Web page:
William Blake – Early LifeWilliam Blake was born on 28 November 1757 at 28 Broad Street (now Broadwick St.) in Soho, London. He was the third of seven children, two of whom died in infancy, to James and Catherine Blake (née Wright). Blake was baptised on 11 December at St James’s Church, Piccadilly, London, even though the Blakes were English Dissenters. Blake attended school only long enough to learn how to read and write. He left at the age of ten and was educated at home by his mother, before being enrolled in drawing classes at Henry Pars’ drawing school in the Strand. Throughout his childhood, Blake started engraving copies of drawings of Greek antiquities purchased for him by his father. The amount of prints that were bought for Blake suggests that the family were fairly well off, at least for some time. Through these drawings and engravings, Blake was introduced to the work of Raphael, Michelangelo, Maarten van Heemskerck and Albrecht Dürer. He also enjoyed reading and began to discover poetry in his youth.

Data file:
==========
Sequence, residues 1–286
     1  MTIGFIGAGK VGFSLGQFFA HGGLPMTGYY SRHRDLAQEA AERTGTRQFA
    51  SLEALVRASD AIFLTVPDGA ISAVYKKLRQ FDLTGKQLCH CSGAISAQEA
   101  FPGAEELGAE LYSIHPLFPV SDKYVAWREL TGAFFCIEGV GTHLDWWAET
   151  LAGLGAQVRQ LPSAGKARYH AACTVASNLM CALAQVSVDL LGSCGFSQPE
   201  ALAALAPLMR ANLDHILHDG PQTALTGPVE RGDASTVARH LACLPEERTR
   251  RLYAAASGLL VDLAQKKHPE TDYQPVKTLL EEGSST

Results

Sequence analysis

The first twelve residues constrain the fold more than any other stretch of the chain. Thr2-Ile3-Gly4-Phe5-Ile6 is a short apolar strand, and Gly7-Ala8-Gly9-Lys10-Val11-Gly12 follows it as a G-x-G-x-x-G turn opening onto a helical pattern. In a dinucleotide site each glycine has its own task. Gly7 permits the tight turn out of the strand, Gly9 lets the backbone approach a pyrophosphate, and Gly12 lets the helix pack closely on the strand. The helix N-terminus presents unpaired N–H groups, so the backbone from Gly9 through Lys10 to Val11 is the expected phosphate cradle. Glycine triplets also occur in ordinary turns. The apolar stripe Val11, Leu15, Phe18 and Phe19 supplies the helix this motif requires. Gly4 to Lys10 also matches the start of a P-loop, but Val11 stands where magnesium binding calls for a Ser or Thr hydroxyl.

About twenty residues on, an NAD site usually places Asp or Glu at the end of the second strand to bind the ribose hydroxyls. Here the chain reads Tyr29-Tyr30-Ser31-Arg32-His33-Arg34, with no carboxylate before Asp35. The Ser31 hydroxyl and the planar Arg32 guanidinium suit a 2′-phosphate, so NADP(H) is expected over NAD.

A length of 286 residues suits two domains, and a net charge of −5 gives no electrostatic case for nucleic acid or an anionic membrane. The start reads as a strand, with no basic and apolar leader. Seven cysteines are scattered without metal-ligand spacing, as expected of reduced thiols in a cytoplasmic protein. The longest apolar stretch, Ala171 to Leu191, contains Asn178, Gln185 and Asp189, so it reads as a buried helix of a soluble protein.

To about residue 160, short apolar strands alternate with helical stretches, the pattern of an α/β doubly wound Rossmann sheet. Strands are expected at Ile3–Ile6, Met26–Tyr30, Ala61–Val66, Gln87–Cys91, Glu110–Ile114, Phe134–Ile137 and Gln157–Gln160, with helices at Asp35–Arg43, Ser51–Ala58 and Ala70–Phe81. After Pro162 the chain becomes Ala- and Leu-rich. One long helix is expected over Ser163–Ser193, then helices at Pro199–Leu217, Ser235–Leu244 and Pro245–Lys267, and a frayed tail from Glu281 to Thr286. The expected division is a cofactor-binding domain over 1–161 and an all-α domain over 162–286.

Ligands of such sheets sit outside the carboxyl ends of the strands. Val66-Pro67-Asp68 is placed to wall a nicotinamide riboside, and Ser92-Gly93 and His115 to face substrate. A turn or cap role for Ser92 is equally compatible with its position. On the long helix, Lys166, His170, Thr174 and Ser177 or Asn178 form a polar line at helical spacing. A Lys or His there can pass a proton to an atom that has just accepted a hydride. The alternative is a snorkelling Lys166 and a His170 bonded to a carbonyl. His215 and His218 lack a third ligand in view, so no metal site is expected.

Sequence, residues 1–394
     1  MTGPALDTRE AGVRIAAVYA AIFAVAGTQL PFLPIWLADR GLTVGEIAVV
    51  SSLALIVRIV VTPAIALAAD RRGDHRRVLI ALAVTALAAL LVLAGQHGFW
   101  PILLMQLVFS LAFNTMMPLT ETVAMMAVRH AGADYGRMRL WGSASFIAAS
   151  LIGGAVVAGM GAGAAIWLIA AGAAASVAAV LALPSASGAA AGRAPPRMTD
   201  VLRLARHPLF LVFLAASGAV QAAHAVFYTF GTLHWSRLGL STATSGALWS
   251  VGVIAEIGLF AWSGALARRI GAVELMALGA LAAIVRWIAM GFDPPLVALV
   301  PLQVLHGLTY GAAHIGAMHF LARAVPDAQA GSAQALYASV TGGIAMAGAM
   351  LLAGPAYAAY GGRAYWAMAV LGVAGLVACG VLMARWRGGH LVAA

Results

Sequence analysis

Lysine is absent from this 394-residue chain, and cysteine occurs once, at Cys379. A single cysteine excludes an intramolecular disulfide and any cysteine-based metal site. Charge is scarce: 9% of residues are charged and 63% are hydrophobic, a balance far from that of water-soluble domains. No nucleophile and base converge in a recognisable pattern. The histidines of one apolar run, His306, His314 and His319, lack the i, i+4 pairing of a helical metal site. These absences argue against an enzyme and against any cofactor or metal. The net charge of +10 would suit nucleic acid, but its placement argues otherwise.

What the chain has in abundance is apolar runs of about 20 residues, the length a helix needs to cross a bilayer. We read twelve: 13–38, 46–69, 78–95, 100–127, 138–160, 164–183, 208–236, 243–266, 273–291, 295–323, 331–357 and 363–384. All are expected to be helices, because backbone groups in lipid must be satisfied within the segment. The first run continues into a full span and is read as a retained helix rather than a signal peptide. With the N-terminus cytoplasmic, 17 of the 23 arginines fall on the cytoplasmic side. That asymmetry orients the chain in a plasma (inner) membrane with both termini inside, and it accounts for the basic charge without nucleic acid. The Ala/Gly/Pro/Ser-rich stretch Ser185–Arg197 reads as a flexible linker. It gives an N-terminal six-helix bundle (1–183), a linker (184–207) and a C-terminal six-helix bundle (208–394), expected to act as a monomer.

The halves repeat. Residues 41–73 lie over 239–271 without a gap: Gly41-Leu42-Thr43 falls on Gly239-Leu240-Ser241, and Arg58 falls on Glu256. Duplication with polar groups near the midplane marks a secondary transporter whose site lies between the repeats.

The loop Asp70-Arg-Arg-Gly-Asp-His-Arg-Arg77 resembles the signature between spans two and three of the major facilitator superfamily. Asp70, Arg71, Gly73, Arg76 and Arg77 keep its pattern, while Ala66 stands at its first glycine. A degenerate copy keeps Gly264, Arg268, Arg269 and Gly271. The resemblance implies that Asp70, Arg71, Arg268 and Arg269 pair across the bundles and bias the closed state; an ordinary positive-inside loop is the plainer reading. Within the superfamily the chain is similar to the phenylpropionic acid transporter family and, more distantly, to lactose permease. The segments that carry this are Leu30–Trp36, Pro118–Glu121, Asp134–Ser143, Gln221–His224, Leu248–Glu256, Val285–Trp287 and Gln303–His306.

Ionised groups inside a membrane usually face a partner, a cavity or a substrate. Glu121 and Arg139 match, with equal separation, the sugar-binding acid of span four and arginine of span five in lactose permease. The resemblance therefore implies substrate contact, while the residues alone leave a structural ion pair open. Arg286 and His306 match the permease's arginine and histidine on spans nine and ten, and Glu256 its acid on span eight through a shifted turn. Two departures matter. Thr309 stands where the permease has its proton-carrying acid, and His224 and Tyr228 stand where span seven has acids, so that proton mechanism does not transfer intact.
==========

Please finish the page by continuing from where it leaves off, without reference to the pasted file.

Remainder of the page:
ApprenticeshipOn 4 August 1772, Blake became an apprentice to engraver James Basire of Great Queen Street. He was paid £52.10, for a term of seven years, which took him to the age of 21. Basire would send Blake to the Gothic churches in London to copy images, and images in Westminster Abbey helped Blake to form his artistic style and ideas. Here, he would sometimes see the boys from Westminster School, who were allowed in the Abbey, and they would torment him. Blake claimed that he experienced visions in the Abbey. He saw Christ with his Apostles and a great procession of monks and priests, and heard their chant. These visions are something he claimed to see often throughout his entire life. Upon completing his seven year apprenticeship, Blake became a professional engraver.